Remember, to make the field of inquiry into a global issue, students would have to take one of the listed ideas - science, for example - and create a more narrow (but not too narrow!) issue around or about science.  Students must remember that the global issue needs to be transnational, felt in everyday local contexts, but also have significance on a wider or larger scale.     

Body of Work

1st Essay

“The Joy of Old Age. (No Kidding.)”

An essay (about turning 80), published in the New York Times opinion section of the newspaper

July 7th, 2013

https://www.nytimes.com/2013/07/07/opinion/sunday/the-joy-of-old-age-no-kidding.html

To take a Paper 1 approach to these essays, provide the guiding question below.  Then, have students spend 20 minutes doing the following in the following order: unpacking the question; reading the essay with the question in mind; annotating the essay using the question to guide them; outline ideas for a Paper 1 response including a thesis statement, topic sentences, and evidence that could be used to support the claims or arguments being made.

This gives them the “feel” for Paper 1.  It’s not exact, but it does help them learn how to work under the time pressure.  You can then, if you choose, have students write an actual Paper 1.  More likely, you can skip the 5 questions and instead spend the rest of the lesson discussing the essay in relation to the guiding question or using the discussion prompt below.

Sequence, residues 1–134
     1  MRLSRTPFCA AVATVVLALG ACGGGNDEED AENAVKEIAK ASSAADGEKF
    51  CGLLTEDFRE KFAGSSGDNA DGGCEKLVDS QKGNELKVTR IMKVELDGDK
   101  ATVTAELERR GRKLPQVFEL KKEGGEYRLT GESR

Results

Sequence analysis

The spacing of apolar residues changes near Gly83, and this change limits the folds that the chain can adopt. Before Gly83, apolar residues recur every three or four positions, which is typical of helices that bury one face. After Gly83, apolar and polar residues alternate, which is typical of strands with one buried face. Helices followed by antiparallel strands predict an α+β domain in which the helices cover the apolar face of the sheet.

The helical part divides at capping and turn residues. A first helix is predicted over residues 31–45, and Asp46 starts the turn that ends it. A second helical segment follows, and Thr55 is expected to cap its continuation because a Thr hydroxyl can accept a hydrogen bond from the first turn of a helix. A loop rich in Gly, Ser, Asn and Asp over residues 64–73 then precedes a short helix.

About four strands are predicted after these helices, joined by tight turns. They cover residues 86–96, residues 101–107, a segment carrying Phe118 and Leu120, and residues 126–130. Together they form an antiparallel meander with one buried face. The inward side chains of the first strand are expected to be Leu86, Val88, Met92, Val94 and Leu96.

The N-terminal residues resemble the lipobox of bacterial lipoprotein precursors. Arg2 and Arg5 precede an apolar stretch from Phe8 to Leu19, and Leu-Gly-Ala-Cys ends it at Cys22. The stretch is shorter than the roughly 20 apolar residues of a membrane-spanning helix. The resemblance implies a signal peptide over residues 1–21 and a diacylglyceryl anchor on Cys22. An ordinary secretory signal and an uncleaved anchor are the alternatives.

Paper 1 Style Guiding Question:

How does the narrative perspective and narrative voice in this essay shape the reader’s understanding of it?   

If you don't want to take a Paper 1 approach to these essays, have students instead read the essay and answer the questions below in their Learner Portfolio.  Once finished, students can discuss them with a partner or small group to compare answers. 

Questions

1.  How would you describe the tone in this essay and why? 

2.  How does Sacks use examples, anecdotes, and dialogue from others to enhance his purpose?

3.  How is science and the language of science used in this essay and why?

4.  What ironies or paradoxes exist and how do they help readers to understand his larger purpose?

5.  How does Sacks present ideas about freedom near the end of the essay and how does this connect to his purpose? 

Discussion or debate prompt

Sacks is lying to us readers.  Getting old isn’t joyful – it’s a painfully restrictive process. 

2nd Essay

“My Own Life”

An essay (on learning he has terminal cancer), published in the New York Times opinion section of the newspaper

February 19th, 2015

https://www.nytimes.com/2015/02/19/opinion/oliver-sacks-on-learning-he-has-terminal-cancer.html

To take a Paper 1 approach to these essays, provide the guiding question below.  Then, have students spend 20 minutes doing the following in the following order: unpacking the question; reading the essay with the question in mind; annotating the essay using the question to guide them; outline ideas for a Paper 1 response including a thesis statement, topic sentences, and evidence that could be used to support the claims or arguments being made.

This gives them the “feel” for Paper 1.  It’s not exact, but it does help them learn how to work under the time pressure.  You can then, if you choose, have students write an actual Paper 1.  More likely, you can skip the 5 questions and instead spend the rest of the lesson discussing the essay in relation to the guiding question or using the discussion prompt below.